We recognize that this isn't perfect for all public transport situations yet. However, we are confident that this proposal can be adapted based on community feedback to cover local and edge cases.
- Adding, verifying and maintaining ways takes a lot of manual time and effort, even with tools like PT Assistant. This stands out in particular with long distance train and coach routes, but is also significant with intra-city bus routes.
- Conventional ways-and-platforms relations are prone to breakage (e.g. changes to a road, or a new mapper erroneously converting roads to dual carriageway).
- The exact route a PSV takes is not usually the chief concern of passengers - they are mostly concerned with platforms, i.e. where they can board or deboard. When the exact route is wanted, it can, if necessary, be influenced with stop_position and via points.
- The route can easily be deduced by routers from a list of platforms. (cf. OsmAnd, which already supports routing this way)
- Relations using the proposed schema have the added benefit of being easy to update using GTFS data (where available), which contains only stops - indeed, they will permit the update process to be automated.
- Compare this line built only with stops with the path of that bus line as it is in OSM today
- Bus 440 in Delhi -
- Train Lucknow Mail in india -
Does everyone who wants to make a map now need to have a router?
Not necessarily. We pre-calculate coastlines for rendering, and could also pre-calculate public transport routes.
What happens if my bus route serves one stop twice / goes past one stop it's stopped at before / does a loop?
You tag the stops ordered in the relation. The router will calculate the shortest stop-to-stop route from A to B, then from B to C, etc., independently of the route taken by other stop-to-stop pairs.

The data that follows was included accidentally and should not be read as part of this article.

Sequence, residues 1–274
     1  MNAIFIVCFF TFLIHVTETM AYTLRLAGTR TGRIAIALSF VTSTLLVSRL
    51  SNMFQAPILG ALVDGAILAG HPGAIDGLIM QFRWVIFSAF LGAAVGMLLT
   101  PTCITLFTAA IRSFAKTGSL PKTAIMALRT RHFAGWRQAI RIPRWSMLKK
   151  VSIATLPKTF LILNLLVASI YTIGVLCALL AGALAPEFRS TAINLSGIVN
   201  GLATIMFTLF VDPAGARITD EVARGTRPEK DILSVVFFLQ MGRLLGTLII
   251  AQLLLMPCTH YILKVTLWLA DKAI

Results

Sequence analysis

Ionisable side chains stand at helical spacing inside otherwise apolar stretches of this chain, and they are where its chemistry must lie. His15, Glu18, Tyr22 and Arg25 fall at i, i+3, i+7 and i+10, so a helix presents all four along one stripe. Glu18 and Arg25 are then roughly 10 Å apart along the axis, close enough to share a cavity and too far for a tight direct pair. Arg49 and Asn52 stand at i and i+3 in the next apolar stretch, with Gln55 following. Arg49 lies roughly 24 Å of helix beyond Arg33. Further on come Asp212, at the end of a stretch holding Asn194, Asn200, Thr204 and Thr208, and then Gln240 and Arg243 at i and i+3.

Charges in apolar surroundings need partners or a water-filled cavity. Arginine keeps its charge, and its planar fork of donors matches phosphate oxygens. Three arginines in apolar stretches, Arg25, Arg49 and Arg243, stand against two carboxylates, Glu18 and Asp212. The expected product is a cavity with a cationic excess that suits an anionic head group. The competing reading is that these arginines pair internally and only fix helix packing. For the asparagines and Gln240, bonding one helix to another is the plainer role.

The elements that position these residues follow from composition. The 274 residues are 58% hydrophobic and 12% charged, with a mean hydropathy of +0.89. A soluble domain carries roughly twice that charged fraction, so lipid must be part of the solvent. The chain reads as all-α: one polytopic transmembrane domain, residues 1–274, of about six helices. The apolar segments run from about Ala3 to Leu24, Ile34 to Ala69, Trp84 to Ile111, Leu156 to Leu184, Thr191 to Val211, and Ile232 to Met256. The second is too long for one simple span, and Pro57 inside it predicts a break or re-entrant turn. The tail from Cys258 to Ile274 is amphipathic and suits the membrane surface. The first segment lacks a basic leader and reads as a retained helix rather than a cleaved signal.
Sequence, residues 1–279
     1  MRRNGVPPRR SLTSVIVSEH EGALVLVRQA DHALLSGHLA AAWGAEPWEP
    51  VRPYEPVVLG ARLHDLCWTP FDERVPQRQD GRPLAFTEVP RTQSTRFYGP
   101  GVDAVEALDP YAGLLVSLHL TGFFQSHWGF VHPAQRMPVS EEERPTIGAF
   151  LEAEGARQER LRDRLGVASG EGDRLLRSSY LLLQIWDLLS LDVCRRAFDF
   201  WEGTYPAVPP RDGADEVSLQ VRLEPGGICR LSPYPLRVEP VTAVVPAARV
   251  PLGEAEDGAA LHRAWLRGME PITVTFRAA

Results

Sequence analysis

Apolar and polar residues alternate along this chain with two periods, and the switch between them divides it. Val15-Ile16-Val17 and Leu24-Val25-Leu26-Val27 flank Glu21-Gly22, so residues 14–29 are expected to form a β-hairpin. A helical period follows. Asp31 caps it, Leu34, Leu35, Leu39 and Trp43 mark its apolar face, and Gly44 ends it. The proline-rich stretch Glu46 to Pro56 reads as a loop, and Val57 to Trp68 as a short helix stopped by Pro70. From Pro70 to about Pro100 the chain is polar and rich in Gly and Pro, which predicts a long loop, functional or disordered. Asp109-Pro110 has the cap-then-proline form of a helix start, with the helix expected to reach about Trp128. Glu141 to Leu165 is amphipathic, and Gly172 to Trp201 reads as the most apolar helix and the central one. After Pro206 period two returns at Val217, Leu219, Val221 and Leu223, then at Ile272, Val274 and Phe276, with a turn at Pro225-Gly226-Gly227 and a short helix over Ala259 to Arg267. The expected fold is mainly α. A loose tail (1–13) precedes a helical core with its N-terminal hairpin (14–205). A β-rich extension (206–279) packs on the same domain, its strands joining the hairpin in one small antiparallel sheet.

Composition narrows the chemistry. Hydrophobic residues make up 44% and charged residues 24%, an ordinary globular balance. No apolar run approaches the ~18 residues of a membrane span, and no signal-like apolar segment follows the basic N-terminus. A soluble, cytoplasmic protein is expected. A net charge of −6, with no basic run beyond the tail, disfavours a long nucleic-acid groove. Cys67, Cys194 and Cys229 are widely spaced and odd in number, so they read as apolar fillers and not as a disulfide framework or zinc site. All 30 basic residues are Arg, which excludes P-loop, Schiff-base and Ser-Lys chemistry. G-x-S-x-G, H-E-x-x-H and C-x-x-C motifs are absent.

Do you have an example or a demo of how the routing would work?
Yes, more or less: https://stereo.lu/osrm2josm.html shows the principle. It takes the stop_position positions and routes the line through them.
Why not make ways optional?
- They add no value when routing
- They can't easily be used for routing (routers take points)
- They break often, and are tedious to maintain. Broken ways are the most common errors https://ptna.openstreetmap.de and the PT_Assistant JOSM plugin have to deal with.
Aren't nodes more fragile than ways?
We don't think so. Currently, both JOSM and Vespucci ask for confirmation if a node you're deleting is part of a relation. Moving of via nodes is a problem only in case of hail and ride segments. Editors could warn people if they're moving nodes which have hail_and_ride:begin/ hail_and_ride:end roles.
Won't different routers route the same relation differently?
Given road classification restrictions and platforms, we feel it is unlikely. Even if they do, there is no harm in adding a via point to fix a given router - it won't change anything for other routers which are already getting the route right without it.
Contrapunctus was crucial in turning this from a vague proposal to a proper wiki page.
Please comment on the discussion page.